By: Stormly in

Why banning Google Analytics is the best thing that can happen to Europe

Regardless of whether or not your company is physically based in Europe, if you process the data of Europeans then you must comply with GDPR. And as most companies use some sort of analytics software, this means that Google Analytics is likely included in your data processing activities.

That was also the case for an Austrian company- NetDoktor. Their website is like any other, it can track your surfing habits and store them in Google Analytics. The tracking cookie will be assigned an ID number by default when placed on a browser—which makes this medical news company more than just plain curious about you!

NetDoktor, like many others, uses Google data to find out more about their readers. However, sending your personal information through servers that are controlled by an American company, means that intelligence agencies can demand Google to hand over data from European citizens.

Considering that risk, the Austrian data regulator officially announced that, by using Google Analytics, NetDoktor was found guilty of breaking GDPR.

Following that verdict, the European Data Protection supervisor (EDPS) has ordered two more companies to stop using cookies that could compromise user privacy.

A day earlier, it was revealed that this month the Covid-19 testing website for Parliament had also broken GDPR by collecting information through Google Analytics and Stripe according to an order from the EDPS.

With these recent landmark cases, it is clear that privacy advocates have not given up on fighting for their rights. The first decision following a July 2020 ruling, found Privacy Shield illegal and this could pile pressure on negotiators in America who are trying to replace it with new ways of data flow between their country’s side versus Europe’s side.

Europe may be taking a stand against United States-based technology companies if their agreements with European firms are not reciprocal. The Silicon Valley giants currently have licenses from each country that they operate in, but it is possible for them to lose those rights after too much time passes without making adjustments accordingly across both regions.

The European Union has been working to create a common cloud service for citizens which would prevent companies from taking their data across borders. If an agreement takes too long, then similar cases across Europe could have the domino effect and all four large tech firms - Amazon, Facebook, Google and Microsoft.

And this is just the beginning, as there have already been more than 100 similar other cases so far!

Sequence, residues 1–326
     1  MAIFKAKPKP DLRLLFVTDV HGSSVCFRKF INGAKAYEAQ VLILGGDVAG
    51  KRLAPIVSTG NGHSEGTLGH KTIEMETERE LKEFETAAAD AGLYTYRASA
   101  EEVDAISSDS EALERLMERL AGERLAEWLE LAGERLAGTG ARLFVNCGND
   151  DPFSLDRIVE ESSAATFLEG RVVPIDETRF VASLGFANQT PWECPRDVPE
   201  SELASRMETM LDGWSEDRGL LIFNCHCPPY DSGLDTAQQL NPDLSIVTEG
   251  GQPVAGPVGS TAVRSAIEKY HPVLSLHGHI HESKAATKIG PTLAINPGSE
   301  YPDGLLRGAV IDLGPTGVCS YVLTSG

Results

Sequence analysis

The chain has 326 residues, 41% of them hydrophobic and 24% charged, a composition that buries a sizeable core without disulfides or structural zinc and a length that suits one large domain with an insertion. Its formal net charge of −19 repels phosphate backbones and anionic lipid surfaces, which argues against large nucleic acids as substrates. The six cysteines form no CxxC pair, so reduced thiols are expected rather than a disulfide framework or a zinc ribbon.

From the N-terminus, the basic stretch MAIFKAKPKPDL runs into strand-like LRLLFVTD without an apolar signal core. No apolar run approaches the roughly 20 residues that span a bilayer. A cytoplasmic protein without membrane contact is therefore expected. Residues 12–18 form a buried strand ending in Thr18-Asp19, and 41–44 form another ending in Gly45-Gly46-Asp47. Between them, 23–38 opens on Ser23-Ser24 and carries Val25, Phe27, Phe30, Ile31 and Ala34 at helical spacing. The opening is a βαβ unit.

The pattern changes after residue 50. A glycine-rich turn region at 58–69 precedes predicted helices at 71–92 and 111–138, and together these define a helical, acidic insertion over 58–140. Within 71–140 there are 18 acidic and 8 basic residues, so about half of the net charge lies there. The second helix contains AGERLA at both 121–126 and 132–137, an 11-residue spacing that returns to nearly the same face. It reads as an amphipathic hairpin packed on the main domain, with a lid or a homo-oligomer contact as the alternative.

The Austrian decision—and other similar cases currently being considered–highlight tensions between Europe’s strong laws protecting personal information vs how that same data is treated once it’s taken outside of the bloc.

Some are optimistic about reduced reliance on major US tech companies. As a result, change could really help make competition fairer in this part of the continent!

EU businesses now have a fair reason to push for more competition in the market by supporting local analytics companies.

Google Analytics’ industry is estimated to be worth $2 billion annually, but there are less popular alternatives that could provide a similar service and benefit from being supported by European governments, without having their data mined or given away for free.

There are plenty of European cloud-based analytics businesses that don’t get as much attention as American giant- Google Analytics, which is estimated to be used by 28 million websites worldwide. What if we could change this?

One of those companies is Stormly. It is a product manager’s go-to when it comes to analytics. Stormly offers powerful tools as an alternative, or supplement to Amplitude, Mixpanel, Google Analytics and other US- based products.

What’s the best part? It’s fully European-based! That includes company HQ as well as servers, processing data and all operations related to it. So you can rest assured knowing your information will be safe during these times, when NetDoktor or other companies are being fined for sending their customer data across borders into America.

By independently storing your data in Europe with an European company, you can keep it safe from America’s prying eyes and contribute to the changing landscape of industry giants.

Google Analytics is far from being the only option out there, and it’s possible to stay compliant with GDPR even while using a more superior analytics platform. Plus you’ll see your metrics improve! Why not switch today? Sign up now!